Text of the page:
Irrigating Michigan blueberries
Irrigated and unirrigated blueberries are showing signs of heat and drought stress.
With all the early rain and irrigation that was used for freeze protection, it seemed that we would never need to irrigate blueberry fields. Unfortunately, we have received almost no rain since the beginning of June. In fact, according to Enviro-weather, we have almost an 8-inch water deficit since June 1, the last day most areas in Van Buren County received any significant rain.
Blueberries grow best in moist soils and perform best when less than half of the availble water has been depleted. Blueberries are shallow-rooted and sensitive to drought stress, and most Michigan plantings are on sandy soils that hold very little water. Severe drought symptoms have been showing up in unirrigated blueberry fields for several weeks as all the availble water in the soil has been used by the plants. Many blueberry growers report that even running their irrigation systems continuously since the beginning of June, they have not been able to keep up with demand. Even planting over high water tables that normally do not need irrigation are beginning to show drought symptoms.
Drought-stressed blueberry bush (left) and close-up of fruit showing the least
drought stress (right).
Irrigated blueberry bush (left) and close-up of fruit from irrigated plant
Soil water reserves depend on soil texture and plant rooting depth (Table 1). You can assume the rooting depth of a blueberry is 12 inches for young plants and 18 to 24 inches for older plants. Sandy soils hold less than 1 inch of available water in the root zone and half of this can be lost in two warm summer days. Loamy sands and sandy loams are common Michigan blueberry soils and hold about 1 to 3 inches in the top 18 inches of the soil. Many blueberry fields have slightly elevated areas that dry out more quickly than other areas. Hardpan or a shallow water table may limit rooting in other areas of fields. This can be seen in older fields where the plants on sandy high spots and wetter low spots are smaller than the rest of the field. These variables complicate irrigation scheduling. As a rule, you should irrigate to maintain the driest most drought-prone areas of your field.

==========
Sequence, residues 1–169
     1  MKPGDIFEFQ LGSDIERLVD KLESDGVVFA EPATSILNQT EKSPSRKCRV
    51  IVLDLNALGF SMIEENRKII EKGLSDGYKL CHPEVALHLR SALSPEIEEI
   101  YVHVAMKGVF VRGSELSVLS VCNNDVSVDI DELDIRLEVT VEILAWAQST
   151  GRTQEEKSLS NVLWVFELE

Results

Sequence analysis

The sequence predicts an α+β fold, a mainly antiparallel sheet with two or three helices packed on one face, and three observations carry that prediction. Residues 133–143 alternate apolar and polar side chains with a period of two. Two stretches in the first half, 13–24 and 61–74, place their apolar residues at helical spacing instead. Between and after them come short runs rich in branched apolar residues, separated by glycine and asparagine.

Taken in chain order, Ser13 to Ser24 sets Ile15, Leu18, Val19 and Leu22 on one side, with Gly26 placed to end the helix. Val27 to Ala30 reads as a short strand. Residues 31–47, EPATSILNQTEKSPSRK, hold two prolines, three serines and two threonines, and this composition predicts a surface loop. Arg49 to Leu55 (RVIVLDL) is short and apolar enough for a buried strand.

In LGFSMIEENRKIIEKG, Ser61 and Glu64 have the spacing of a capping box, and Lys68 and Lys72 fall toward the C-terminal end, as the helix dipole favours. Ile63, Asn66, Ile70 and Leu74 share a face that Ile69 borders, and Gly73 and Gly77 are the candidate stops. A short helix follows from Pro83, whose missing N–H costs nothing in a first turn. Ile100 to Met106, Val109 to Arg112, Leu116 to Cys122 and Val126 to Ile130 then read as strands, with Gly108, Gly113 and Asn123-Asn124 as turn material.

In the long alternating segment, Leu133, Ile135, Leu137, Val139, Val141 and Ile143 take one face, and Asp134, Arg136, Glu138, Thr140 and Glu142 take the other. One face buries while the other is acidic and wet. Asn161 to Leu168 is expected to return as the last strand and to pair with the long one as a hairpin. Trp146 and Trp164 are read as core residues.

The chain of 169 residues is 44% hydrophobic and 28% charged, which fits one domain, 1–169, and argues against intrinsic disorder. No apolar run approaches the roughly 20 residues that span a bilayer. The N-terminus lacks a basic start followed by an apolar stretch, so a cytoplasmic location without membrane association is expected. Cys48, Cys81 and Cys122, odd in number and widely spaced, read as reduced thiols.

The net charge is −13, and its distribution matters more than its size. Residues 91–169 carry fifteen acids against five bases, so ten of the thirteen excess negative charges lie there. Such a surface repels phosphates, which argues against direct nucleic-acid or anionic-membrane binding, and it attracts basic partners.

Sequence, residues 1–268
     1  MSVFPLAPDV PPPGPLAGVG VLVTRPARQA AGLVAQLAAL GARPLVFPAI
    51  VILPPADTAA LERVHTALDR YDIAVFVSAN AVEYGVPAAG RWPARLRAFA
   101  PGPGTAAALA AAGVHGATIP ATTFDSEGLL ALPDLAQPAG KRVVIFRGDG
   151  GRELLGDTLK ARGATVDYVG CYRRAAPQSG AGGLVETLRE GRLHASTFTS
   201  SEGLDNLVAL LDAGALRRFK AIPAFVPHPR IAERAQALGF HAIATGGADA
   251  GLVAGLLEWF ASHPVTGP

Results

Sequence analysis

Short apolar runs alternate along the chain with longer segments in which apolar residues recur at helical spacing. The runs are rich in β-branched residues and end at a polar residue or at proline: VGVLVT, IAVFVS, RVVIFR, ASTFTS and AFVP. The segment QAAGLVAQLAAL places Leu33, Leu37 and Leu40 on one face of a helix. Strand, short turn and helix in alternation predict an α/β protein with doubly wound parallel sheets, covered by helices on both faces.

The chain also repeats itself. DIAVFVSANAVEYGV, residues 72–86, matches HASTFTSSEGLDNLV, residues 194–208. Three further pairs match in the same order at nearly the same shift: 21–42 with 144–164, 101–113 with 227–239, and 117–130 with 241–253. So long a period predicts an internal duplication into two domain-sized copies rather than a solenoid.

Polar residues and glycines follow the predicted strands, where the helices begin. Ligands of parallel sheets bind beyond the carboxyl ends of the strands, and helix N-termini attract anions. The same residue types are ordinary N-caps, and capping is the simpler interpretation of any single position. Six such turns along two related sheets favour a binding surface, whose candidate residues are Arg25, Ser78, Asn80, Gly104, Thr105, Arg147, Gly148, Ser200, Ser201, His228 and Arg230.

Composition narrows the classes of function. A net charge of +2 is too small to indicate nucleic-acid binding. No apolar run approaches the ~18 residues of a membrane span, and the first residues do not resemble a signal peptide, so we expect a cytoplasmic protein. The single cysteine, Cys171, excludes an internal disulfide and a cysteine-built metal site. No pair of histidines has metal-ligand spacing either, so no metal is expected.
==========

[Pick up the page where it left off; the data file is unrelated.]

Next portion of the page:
Table 1. Available water in a blueberry root zone as affected by soil texture and rooting depth.
Available water (inches)
In root zone (12-24 inch depth)
0.4 - 0.8
0.8 - 1.6
1.6 – 3.2
2.0 – 4.0
Evapo-transpiration (ET) is the evaporation from the field plus the water lost by the plant (transpiration). Under the hot, dry conditions in June and July, blueberry fields have lost 0.18 to 0.24 inches per day. Daily potential ET values are available on the Enviro-weather website. They are located by clicking the “More weather” link at the top right of the individual station home pages (Photo 1.).
Click the “More weather” link to see daily potential ET values.
The “More weather” page has lots of weather information including irrigation tools at the bottom of the page (Photo 2). Maximum water use during the preharvest fruit growth stage is generally 0.20 to 0.25 inches per day.
Photo 2. The
“More weather” page has lots of weather information,
The evapotranspiration rate varies during the year depending on the amount of leaves on the plant and the heat and relative humidity. By June, when the plants are fully leafed out, the amount of leaves does not change significantly. Many people estimate the vegetation cover of the field to adjust the ET to the actual water loss. A field of mature blueberries with a cover crop will be using water at a rate close to the predicted ET. Younger fields or fields that do not have a cover crop will use less water. Weedy fields will use as much water as well managed fields and the weeds can out-compete the blueberry bushes for soil water because they have large root systems. Temperature is a very important factor; heat increases ET much more than humidity decreases ET.